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Ceva Poultry Vector Vaccine Symposium

Ceva Animal Health held its first Vector Vaccine on October 6-8 in San Diego, California (USA). The symposium focused on the vector vaccine technology and its use within health programmes for the poultry industry. Editor Emmy Koeleman created this special photo report.

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  • Poultry vaccination is mass vaccination but the poultry industry demands for simpler, more efficacious and cheaper vaccines. Farmers can chose between live and killed vaccines but also biotechnology derived vaccines such as vector vaccines. Ceva Animal Health organised a dedicated symposium to this topic.

    Poultry vaccination is mass vaccination but the poultry industry demands for simpler, more efficacious and cheaper vaccines. Farmers can chose between live and killed vaccines but also biotechnology derived vaccines such as vector vaccines. Ceva Animal Health organised a dedicated symposium to this topic.

  • Dr Sylvain Comte, corporate marketing director poultry at Ceva, officially opened the symposium. "We are delighted to have an excellent selection of speakers and experts in the audience, I am looking forward to a lively discussion on vector vaccines", Comte said.

    Dr Sylvain Comte, corporate marketing director poultry at Ceva, officially opened the symposium. "We are delighted to have an excellent selection of speakers and experts in the audience, I am looking forward to a lively discussion on vector vaccines", Comte said.

  • Dr Arnoud Bourgeois from Ceva in the USA kicked off the meeting by saying that "the poultry industry has a big challenge for the future". He addressed that besides animal health, genetics and management, implementing new technologies for disease control are taking off quickly".

    Dr Arnoud Bourgeois from Ceva in the USA kicked off the meeting by saying that "the poultry industry has a big challenge for the future". He addressed that besides animal health, genetics and management, implementing new technologies for disease control are taking off quickly".

  • Dr Robert Webster from St Jude Children's Research Hospital in Tennessee, USA gave an excellent overview on human and avian influenza and how the virus evolved over the years and still is.

    Dr Robert Webster from St Jude Children's Research Hospital in Tennessee, USA gave an excellent overview on human and avian influenza and how the virus evolved over the years and still is.

  • Dr Webster looked back at the history of different pandemics with the influenza virus, starting with the Spanish Influenza, which whiped out 20-50 million people. He addressed that during this pandemic H1N1 was the cause, the same virus type that caused the recent Mexican Influenza outbreak and therefore created so much hystery around the world.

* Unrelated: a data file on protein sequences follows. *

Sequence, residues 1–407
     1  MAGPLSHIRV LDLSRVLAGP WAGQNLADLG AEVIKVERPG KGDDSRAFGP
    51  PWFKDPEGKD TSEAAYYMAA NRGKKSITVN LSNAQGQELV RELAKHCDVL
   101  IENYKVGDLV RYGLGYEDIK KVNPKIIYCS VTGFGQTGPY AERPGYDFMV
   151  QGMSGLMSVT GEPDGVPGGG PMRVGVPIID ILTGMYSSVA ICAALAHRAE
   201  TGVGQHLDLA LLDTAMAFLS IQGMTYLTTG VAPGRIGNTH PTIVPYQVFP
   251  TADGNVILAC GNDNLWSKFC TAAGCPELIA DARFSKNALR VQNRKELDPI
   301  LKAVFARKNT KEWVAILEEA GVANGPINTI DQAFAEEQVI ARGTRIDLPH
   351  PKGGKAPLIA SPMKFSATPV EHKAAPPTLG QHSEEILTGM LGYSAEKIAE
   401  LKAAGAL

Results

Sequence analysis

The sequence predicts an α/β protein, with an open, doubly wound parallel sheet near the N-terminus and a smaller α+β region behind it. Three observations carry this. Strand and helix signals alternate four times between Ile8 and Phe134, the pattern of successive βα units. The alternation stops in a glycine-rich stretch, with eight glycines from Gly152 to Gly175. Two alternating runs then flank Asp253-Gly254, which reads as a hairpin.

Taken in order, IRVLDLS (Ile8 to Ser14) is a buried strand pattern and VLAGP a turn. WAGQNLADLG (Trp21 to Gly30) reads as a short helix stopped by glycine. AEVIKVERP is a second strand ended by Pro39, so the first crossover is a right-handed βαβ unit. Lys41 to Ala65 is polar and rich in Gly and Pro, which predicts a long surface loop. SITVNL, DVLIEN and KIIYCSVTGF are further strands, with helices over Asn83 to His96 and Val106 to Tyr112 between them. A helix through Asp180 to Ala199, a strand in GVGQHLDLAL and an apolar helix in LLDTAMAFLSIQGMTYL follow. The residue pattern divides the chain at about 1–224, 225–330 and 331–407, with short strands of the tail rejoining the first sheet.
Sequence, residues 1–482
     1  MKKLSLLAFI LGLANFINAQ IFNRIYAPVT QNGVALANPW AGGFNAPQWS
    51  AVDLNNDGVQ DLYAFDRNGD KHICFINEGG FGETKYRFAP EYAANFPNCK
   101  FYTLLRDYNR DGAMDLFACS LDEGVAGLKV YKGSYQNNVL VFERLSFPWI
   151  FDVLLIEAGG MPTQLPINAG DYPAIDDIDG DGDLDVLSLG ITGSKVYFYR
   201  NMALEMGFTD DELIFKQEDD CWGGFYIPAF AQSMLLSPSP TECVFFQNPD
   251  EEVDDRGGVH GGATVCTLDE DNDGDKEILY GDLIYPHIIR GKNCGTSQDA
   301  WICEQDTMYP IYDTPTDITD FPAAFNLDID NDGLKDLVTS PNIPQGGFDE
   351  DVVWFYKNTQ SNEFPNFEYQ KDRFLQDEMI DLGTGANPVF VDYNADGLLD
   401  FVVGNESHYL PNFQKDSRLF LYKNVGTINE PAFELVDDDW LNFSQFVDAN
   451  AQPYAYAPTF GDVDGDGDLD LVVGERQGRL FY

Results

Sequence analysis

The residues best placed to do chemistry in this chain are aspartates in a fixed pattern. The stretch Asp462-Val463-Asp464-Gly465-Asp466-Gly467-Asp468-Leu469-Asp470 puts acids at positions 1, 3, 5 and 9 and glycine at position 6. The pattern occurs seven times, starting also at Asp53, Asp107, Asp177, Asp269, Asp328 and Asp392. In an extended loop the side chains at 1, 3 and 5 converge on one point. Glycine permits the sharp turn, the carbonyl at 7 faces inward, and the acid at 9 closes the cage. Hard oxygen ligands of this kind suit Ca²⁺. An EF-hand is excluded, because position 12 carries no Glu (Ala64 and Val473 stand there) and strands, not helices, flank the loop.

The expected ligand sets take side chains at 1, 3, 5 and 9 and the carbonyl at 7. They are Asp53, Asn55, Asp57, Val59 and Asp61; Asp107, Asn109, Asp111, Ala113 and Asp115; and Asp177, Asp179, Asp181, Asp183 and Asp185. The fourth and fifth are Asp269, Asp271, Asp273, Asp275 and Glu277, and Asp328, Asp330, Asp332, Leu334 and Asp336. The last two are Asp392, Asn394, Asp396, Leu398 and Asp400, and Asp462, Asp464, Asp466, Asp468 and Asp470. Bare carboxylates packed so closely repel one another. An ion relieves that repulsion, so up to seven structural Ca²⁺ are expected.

Dr Webster looked back at the history of different pandemics with the influenza virus, starting with the Spanish Influenza, which whiped out 20-50 million people. He addressed that during this pandemic H1N1 was the cause, the same virus type that caused the recent Mexican Influenza outbreak and therefore created so much hystery around the world.

  • Dr Webster further showed the spread of the current H5N1 virus in the world, with North and South America and Australia being free of reported cases of bird flu caused by H5N1.

    Dr Webster further showed the spread of the current H5N1 virus in the world, with North and South America and Australia being free of reported cases of bird flu caused by H5N1.

  • Different types of vaccine strategies are currently being implemented to fight avian influenza. They can be oil based or DNA derived and all prevent mortality in the birds. Dr Webster addressed that different influenza strains require different vaccine strategied and because the virus can change so quickly, current strains should be kept in a databank to safe them.

    Different types of vaccine strategies are currently being implemented to fight avian influenza. They can be oil based or DNA derived and all prevent mortality in the birds. Dr Webster addressed that different influenza strains require different vaccine strategied and because the virus can change so quickly, current strains should be kept in a databank to safe them.

  • Dr Jean de Foucauld from Ceva in Hungary updated the attendees on the regulatory aspects of biotechnology derived vaccines. He explained that a quality dossier, safety trials in animal and environment and efficacy of the product are the main issues to consider when applying for registration of the vaccine.

    Dr Jean de Foucauld from Ceva in Hungary updated the attendees on the regulatory aspects of biotechnology derived vaccines. He explained that a quality dossier, safety trials in animal and environment and efficacy of the product are the main issues to consider when applying for registration of the vaccine.

  • Dr Gregg Cutler from the USA explained some pratical experience from using new types of vaccines in the US market. He addressed that getting the vaccine to the bird at the right time is most critical. He also mentioned that Vaccine Associated Clinical Disease can be minimised by using new types of vaccines.